The Problem With Origin Dates
Another look at why deeper investigations of the Hip-Hop story are needed
I was a curious child and asked a lot of questions. So many questions that my mom had an ongoing response, “I don’t know, but the encyclopedia does.” Because of that, I been a researcher since I could read c-a-t.
My mom making me proactive about my own research also produced something else in me — even as a child I could see the holes in stories. I would ask questions that the encyclopedia couldn’t answer. When I got to that point, my mom drove me a few blocks west to the library in the Dahlia Shopping Center and got me a library card.
Now that I’m older, I still love libraries (I promise you, everything isn’t on the internet), but for most of what I write, I’m looking online.
Over the course of the past year and a half that I’ve been writing these articles, this is what I’ve learned — most people don’t go beyond the first page of a search, and people love quoting information without doing a simple fact check.
People don’t challenge shit.
I got in trouble in school for asking challenging questions. (Didn’t win me friends with the gods either) But just because I got in trouble for it thirty and twenty years ago, doesn’t mean that I’m going to stop doing it now.
Just putting that out there.
Ok. Here’s my issue. The categorization of Hip-Hop is broken down like this, Hip-Hop is: DJing, B-Boying, Writing, Rapping, & Knowledge. And the story of Hip-Hop is recited like this: on August 11, 1973 DJ Kool Herc threw a party for his sister, Cindy…and Hip-Hop was born.
That story is told again and again. People will chant you down if you disagree with that narrative like Bob was chanting down Babylon. But I have one simple question…if Writing (graffiti) is a part of Hip-Hop, and Writing proceeded DJing, why is the start date for Hip-Hop on the day Herc threw that party?
You may not agree…but read, think about it, and reason with me. Aight? Aight.
I know the argument.
Graffiti goes back to the fifties, maybe even before that, Kilroy was here, and such. Got it. But let me tell you, that’s almost an argument for arguments sake because we all know that there was something distinct and different about the culture that emerged in the late 60s.
So let’s talk about that culture.
First of all, super shot out to Roger Gastman and the his level of scholarship. He didn’t just interview the right people, he asked the right questions, and put that work in the best possible package imaginable. His books on Writing are definitely collectibles. Without his work, many of the pre-73 stories would still be relegated to mythical status.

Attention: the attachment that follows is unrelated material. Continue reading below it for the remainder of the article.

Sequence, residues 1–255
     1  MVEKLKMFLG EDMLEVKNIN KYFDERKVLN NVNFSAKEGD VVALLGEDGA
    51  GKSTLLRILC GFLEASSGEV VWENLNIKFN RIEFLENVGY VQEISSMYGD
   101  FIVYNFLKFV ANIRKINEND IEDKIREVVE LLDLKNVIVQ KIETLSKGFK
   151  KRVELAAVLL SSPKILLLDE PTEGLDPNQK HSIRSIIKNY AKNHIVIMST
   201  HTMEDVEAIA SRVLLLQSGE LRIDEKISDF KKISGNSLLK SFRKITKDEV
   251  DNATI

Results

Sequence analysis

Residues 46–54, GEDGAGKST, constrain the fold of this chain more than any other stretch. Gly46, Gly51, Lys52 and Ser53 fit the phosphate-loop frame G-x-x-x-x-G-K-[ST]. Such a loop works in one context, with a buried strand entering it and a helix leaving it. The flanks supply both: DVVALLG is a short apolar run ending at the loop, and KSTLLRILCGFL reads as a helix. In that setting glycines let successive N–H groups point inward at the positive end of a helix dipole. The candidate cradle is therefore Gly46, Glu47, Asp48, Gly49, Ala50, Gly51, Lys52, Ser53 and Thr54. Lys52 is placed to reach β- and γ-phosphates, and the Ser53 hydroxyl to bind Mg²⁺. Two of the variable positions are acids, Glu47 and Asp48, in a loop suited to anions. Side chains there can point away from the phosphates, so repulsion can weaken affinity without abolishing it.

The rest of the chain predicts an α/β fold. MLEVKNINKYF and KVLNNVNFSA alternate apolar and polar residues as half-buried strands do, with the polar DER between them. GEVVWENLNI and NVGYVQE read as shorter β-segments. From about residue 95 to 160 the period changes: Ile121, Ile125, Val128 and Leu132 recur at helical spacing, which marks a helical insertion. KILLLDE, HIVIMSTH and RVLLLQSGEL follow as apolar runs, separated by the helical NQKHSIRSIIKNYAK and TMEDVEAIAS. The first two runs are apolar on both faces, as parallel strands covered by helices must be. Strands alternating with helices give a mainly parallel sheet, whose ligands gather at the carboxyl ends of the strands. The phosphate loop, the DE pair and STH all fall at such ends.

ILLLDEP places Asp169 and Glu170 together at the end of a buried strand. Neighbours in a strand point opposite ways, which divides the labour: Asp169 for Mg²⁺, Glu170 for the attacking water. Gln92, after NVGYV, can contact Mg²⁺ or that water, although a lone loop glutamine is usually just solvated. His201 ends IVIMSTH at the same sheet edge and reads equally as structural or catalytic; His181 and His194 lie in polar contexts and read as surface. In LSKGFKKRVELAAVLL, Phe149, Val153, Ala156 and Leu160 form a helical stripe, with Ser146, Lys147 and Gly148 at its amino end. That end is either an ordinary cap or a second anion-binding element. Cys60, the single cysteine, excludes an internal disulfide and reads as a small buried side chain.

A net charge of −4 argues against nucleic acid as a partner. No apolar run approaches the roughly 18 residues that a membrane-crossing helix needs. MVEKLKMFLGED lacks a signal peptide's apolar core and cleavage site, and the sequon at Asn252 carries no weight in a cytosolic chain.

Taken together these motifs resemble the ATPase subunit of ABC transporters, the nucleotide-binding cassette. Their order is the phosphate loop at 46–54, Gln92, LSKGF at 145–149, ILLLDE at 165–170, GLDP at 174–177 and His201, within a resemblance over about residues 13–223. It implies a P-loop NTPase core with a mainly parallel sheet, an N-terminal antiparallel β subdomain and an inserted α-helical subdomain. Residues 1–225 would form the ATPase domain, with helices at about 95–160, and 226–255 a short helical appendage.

The first story that Gastman gave clarity to was the Taki 183 story. Sure, he’s known as the first writer to take it all-city in 70–71 but we finally got to learn about why he started. That goes back to Julio 204.
Although I’ve never read an interview with Julio 204, Gastman interviewed Julio’s running partner Jag who verified that Julio started writing in 67. Julio may have not covered all the boroughs, but he hit enough lampposts in Washington Heights to get the attention of one of Taki’s friends, Phil T Greek.
Inspired by the fact that Julio 204's name could be found at every turn, even in the park, Phil T Greek decided to make a go of it. For the next few years, he was one of the few people writing for fame. Taki saw the recognition that Phil was getting and in June of 1970 started to write.
A year later, his name was everywhere and he garnered the attention of the New York Times.
Mostly because it’s been retold so many times, people still say that July 21, 1971 article was the first one focused on graffiti and the new phenomenon of Writing. But not so.
Which brings me to the next story that Gastman brought total clarity to. I’ve heard about Cornbread for years, how he was one of the original Philly writers, etc. but before Gastman interviewed Cornbread for the book Wall Writing and made a documentary of the same name, it was hard finding any solid facts on him.
Wall Writing does more than interview Cornbread, it provides a clear picture of what life was like in 1967–8 Philadelphia.
Unlike New York, the writing scene in Philadelphia was huge long before the media caught a hold of what was going on. Cornbread started getting up in 67 and was quickly joined by another North Philly writer, Tity. Tity inspired Tee*Bop and by the end of the year there were a few North Philly writers including Dr. Cool 1 and Took.
On the other side of town in West Philly, Kool Klepto Kidd began getting up in 67 as well. His friend Earl wanted to be down and Kidd gave him his name — Cool Earl. They were quickly joined by Chewy, Bobby Cool, Neptune, and Cold Duck.
It’s estimated that there were approximately 20 to 25 writers getting up in 1967 Philadelphia. Writing was an alternative to the prevalent gang life that was ingrained in the cities culture. But what was also ingrained in that culture was tagging one’s name.
One of my mentors, Jehron Muhammad, who grew up in North Philly in that era, recalled that writing was something that everyone did. (He wrote Jug).
What differentiated writers like Cornbread, Kool Klepto Kidd and others from the gang writers was there sole purpose in writing was to have their name up in as many places as possible, to garner attention, and to impress women.